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Crash-test dummies go up a size to help save obese drivers

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Crash-test dummies go up a size to help save obese drivers


A manufacturer of crash-test dummies has upgraded its models to XXL size after it was found that obese drivers are almost 80 percent more likely to die in a car crash.

Humanetics says it is making bigger-boned dummies that are now based on a 273lb person. This equates to 124kg or 19.5 stones and a BMI index of 35.

Seat belts are designed for slimmer people and don’t fit those of a larger persuasion, Chris O’ Connor, CEO of Humanetics told ABC.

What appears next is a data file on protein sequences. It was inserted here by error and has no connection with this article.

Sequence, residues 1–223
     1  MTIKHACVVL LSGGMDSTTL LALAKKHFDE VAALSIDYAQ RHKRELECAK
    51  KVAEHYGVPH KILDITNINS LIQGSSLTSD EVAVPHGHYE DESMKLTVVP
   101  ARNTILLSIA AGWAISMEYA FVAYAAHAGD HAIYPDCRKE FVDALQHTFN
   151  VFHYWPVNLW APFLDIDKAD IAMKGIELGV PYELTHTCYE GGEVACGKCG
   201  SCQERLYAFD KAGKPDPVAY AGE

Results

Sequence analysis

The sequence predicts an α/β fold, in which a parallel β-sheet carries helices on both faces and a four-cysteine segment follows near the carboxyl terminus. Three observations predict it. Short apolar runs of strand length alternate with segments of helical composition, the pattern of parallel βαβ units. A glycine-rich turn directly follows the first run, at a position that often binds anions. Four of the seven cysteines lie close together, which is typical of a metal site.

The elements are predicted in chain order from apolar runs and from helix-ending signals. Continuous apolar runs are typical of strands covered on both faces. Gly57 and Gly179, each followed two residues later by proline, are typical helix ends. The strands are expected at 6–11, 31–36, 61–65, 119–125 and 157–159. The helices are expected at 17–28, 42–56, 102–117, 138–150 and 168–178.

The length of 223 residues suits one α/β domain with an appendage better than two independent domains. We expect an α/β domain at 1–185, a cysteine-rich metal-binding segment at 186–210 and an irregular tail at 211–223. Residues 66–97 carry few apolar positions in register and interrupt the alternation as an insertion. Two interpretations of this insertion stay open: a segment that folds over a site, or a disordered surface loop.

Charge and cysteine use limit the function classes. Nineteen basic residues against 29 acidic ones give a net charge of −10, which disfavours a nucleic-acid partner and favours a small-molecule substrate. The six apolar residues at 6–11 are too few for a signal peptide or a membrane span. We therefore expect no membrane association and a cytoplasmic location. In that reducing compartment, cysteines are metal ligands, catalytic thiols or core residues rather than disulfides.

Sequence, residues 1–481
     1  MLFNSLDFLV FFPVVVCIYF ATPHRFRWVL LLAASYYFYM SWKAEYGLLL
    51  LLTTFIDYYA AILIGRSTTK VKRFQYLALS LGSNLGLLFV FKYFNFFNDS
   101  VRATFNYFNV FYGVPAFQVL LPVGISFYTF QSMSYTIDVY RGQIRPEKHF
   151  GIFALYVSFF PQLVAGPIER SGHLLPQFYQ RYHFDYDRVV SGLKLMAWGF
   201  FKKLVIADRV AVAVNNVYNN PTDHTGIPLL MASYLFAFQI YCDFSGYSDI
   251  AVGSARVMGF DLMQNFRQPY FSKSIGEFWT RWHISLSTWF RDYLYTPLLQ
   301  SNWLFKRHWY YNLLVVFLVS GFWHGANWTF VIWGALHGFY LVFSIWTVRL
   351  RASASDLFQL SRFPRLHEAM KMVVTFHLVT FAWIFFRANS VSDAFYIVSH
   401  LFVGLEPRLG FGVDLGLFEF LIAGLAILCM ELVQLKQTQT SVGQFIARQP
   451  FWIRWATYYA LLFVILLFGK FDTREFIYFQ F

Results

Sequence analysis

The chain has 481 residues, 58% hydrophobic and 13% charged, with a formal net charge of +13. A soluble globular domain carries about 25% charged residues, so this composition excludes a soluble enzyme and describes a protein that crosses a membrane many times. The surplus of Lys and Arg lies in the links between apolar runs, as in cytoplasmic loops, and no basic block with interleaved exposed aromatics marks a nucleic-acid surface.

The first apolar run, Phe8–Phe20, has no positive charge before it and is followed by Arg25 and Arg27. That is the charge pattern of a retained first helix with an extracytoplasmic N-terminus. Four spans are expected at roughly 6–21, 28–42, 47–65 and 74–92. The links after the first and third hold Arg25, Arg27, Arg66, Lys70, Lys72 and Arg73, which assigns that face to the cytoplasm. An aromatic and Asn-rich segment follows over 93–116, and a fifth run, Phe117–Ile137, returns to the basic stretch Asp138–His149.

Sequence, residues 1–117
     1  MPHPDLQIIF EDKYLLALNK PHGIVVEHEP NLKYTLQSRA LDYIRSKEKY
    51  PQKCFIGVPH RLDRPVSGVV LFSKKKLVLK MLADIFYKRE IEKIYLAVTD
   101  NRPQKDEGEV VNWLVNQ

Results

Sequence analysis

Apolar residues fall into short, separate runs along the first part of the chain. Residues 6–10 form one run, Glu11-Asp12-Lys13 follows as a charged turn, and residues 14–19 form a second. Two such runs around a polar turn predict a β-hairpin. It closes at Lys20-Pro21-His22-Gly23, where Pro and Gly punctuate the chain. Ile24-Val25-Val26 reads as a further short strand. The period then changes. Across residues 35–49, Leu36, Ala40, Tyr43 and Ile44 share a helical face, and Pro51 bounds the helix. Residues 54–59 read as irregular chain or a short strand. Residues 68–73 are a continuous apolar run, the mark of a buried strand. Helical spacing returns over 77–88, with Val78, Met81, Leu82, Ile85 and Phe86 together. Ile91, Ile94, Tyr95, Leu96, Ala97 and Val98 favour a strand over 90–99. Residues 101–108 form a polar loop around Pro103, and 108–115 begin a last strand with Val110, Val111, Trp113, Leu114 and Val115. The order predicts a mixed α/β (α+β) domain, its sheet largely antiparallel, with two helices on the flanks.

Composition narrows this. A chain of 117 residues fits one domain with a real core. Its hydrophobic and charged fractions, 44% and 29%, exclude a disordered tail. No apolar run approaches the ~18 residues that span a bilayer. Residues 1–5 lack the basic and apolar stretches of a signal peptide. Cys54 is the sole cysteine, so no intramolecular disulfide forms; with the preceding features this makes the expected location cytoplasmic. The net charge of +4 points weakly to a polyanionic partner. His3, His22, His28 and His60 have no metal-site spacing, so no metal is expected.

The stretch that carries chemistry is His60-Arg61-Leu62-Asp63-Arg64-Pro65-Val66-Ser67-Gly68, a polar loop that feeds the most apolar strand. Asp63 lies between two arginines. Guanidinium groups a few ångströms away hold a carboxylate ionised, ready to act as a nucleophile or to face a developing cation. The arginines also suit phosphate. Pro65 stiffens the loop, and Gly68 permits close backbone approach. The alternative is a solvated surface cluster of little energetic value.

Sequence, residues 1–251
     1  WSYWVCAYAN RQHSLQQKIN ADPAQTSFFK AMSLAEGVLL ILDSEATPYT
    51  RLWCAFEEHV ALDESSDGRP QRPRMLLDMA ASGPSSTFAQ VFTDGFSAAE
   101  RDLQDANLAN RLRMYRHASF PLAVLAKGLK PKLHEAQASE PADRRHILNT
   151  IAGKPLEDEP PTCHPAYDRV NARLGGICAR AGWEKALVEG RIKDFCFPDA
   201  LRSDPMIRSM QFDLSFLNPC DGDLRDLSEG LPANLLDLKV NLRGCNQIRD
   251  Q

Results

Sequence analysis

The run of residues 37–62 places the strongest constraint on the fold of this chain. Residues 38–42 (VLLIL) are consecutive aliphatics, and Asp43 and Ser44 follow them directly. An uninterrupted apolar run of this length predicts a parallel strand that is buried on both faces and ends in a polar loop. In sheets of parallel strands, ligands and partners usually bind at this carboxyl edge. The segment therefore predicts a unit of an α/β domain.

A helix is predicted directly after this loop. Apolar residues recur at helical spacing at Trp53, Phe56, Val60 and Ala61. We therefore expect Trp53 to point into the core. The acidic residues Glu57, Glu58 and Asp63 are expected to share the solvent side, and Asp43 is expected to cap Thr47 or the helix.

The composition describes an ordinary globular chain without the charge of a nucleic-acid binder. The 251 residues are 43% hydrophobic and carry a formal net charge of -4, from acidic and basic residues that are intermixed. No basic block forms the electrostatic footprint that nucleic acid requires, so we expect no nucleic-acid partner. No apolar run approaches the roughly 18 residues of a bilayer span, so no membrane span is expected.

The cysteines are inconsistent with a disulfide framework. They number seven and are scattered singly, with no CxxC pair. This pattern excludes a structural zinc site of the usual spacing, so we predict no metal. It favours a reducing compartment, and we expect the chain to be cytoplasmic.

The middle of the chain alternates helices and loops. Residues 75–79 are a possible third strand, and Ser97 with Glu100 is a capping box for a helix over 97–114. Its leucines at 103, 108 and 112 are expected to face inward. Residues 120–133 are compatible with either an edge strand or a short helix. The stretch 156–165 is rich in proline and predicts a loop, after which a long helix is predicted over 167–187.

“Typically you want someone in a very tight position with their rear against the back of the seat and the seat belt tight to the pelvis,” he added.

“An obese person has more mass around midsection and a larger rear which pushes them out of position. They sit further forward and the belt does not grasp the pelvis as easily.”

This is backed up by a study from the University of Bufallo and Erie County, which analysed 150,000 car crashes in the U.S. between 2000 to 2005, found that moderately-obese drivers faced a 21 percent increased risk of death, and morbidly obese drivers faced a 56 percent increased risk of death.

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